If there’s one thing we all strive for, be it in design or other areas of our life, it’s being as productive as possible. Sometimes we succeed and sometimes we fail miserably, or at least sometimes I fail miserably.
Keyboard Cowboy is a hotkey shortcut manager to summarize it in a sentence. Never being a user of hotkeys, when I started reviewing Keyboard Cowboy I was pleasantly surprised to find out just how much more productive it can make tasks. Launching applications, switching between apps, and opening a file are just some of the more basic tasks achieved with it; and it does all of them with some nice features Winterkvist implemented.
Scopes is the name given to the feature which allows you to specify what shortcuts will work within a specific application. If you want “Command-Tab” to open up a predefined template only within Photoshop, just add a scope to the specific hotkey selection and you’re good to go.
While I’m just getting into programming of any sort (Intro to Computer Programming for Uni) I can see a great deal of value in the Scopes feature by allowing you to have certain hotkey combinations for related functions across your workflow. By binding each combination to an application, you turn what would otherwise be an otherwise unnecessarily repetitive task into a process you can get done without your fingers ever leaving the keyboard.
One of the best uses I’ve gotten out of Keyboard Cowboy so far is using it to switch between apps in the most fluent way possible. When an app is assigned to a hotkey, there are two ways in which it will respond. If the app is already open, it will take you to it, now making it the focus of your work. If it is not open, it will launch and then become the focus of your work.
Winterkvist laid out an application workflow solution he came up with to save time, ergo increase his productivity.
Having given Coda 2, my main source code editor, the global hotkey of ctrl+cmd+e and bound Xcode to ctrl+alt+u, I can switch back and forward when building and debugging. When developing websites, Keyboard Cowboy helps me switch between Photoshop (design), Coda 2 (code) and Safari (result).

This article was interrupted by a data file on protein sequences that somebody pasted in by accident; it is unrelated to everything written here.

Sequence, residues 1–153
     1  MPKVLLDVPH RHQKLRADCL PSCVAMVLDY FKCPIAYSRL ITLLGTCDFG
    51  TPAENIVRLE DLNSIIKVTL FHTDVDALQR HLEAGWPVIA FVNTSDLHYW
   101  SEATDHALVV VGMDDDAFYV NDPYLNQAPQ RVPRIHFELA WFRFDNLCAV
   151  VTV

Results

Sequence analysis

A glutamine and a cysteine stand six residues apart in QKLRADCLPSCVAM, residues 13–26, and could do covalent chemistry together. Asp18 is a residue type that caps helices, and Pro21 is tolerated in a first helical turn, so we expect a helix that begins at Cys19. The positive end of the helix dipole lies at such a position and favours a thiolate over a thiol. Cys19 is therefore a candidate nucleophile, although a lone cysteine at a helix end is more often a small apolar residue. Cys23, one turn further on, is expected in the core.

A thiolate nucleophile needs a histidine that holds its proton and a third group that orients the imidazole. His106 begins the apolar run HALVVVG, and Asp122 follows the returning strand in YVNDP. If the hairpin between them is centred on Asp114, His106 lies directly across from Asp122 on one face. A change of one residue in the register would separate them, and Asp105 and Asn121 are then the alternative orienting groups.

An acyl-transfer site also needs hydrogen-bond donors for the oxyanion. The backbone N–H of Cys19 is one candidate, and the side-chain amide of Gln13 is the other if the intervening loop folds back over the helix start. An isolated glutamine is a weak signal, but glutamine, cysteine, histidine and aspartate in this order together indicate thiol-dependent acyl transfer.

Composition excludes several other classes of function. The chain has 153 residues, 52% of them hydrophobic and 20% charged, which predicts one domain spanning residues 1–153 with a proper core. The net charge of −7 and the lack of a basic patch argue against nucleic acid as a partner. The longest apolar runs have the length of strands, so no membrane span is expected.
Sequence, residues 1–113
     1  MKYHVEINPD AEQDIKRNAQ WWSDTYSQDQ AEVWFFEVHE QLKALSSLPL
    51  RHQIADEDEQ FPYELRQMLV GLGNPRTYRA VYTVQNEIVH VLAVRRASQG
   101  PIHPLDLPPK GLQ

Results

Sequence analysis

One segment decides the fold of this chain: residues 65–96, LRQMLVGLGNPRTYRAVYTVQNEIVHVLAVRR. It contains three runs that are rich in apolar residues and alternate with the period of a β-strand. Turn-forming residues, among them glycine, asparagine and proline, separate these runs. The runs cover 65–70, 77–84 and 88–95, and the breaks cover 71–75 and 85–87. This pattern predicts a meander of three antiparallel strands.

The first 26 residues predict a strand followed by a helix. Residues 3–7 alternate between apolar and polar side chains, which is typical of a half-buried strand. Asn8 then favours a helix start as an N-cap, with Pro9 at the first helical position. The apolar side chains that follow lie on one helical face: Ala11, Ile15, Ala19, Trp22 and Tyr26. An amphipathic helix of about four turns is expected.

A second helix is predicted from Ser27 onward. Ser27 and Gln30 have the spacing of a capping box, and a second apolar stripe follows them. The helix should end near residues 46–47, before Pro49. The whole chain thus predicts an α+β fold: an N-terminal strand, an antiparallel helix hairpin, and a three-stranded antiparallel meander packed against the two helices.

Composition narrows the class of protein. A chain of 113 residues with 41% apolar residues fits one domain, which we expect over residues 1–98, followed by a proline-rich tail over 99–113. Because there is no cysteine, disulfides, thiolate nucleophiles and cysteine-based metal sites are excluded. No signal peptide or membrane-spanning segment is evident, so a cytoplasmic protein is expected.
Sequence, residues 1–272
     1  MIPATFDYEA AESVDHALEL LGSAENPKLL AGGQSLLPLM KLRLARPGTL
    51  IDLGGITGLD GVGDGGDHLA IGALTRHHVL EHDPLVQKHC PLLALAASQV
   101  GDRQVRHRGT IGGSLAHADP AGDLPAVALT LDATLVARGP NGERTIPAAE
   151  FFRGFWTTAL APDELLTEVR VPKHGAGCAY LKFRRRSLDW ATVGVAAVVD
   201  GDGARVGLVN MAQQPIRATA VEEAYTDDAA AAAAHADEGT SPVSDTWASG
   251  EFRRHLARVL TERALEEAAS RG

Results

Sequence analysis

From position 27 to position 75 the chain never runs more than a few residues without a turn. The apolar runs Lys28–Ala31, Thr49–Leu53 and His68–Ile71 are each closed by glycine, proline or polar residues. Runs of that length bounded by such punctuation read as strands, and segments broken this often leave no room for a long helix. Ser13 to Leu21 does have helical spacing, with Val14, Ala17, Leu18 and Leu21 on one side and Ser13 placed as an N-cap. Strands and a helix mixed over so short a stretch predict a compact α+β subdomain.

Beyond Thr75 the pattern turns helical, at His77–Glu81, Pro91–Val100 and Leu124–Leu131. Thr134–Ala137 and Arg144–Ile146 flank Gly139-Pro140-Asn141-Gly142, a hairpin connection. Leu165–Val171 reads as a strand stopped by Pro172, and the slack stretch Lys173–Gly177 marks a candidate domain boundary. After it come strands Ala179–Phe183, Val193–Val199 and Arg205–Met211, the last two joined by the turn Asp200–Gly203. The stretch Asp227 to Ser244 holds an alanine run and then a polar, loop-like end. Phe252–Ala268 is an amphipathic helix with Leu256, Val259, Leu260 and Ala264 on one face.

Files, Folders, and URLs
When using Keyboard Cowboy to open various files or URLs, there is one thing needed to be taken into account, which is knowing the default application the file or URL will be opened with upon making your keyboard-centric demand. Once you work through this issue, it’s smooth sailing.
Is there a specific template in Photoshop you use over and over again? Bind a hotkey to the file and gone are the days of creating a new document and selecting a preset. While the options are essentially endless, this is just one very simple solution available with the kelp of Keyboard Cowboy. I could go on forever with various setups, but reading me telling you certain setups isn’t going to save you any time.
To summarize my experience with Keyboard Cowboy thus far, it’s an incredibly handy tool for anyone whose daily workflow consists of staring at a display. Productivity is something we’ve talked about before here at The Industry and is something we will continue to talk about as workflows are honed and new tools are brought to life. From designer to developer, Keyboard Cowboy can assist you in simplifying and streamlining your workflow.
Instead of leaving those (two) of you waiting with bated breath as to how I used it; my iMac is structured with five “spaces,” each fitting a different aspect of my daily computer use: browsing/media, photography, writing, design, and a spare for any left-over apps. To initially give Keyboard Cowboy a run-through, I was curious as to how much more productive I could make my writing workflow. After spending five minutes setting up a few hotkeys, I can now write my article via Markdown in iA Writer, convert it into HTML via Dingus, and a draft is ready to go in WordPress without my hands ever leaving my keyboard. The initial five minutes of setup time will save me tenfold the time (and carpal tunnel) in the future.
Keyboard Cowboy is available in the Mac App Store for $7.99. While sounding like a pretty-penny to drop on such a simple utility with plenty of free alternatives, the execution of the application is what sets it apart. When you take into account the following numbers given as an example by Winterkvist, it’s more than easy to justify the initial cost for the long-term benefits.
“Do the math, lets say that Keyboard Cowboy saves you about 5 minutes each day, you use it 5 days a week, 50 weeks per year. That adds up to 5x5x50 = 1250 minutes = 21 hours.”
To coincide with this article, we have three copies of Keyboard Cowboy up for grabs. To enter, do the following:
• Comment below, sharing three tools you use to improve your productivity
• Tweet this article
Once you’ve done that, we’ll select three at random and shoot you a code to redeem your copy!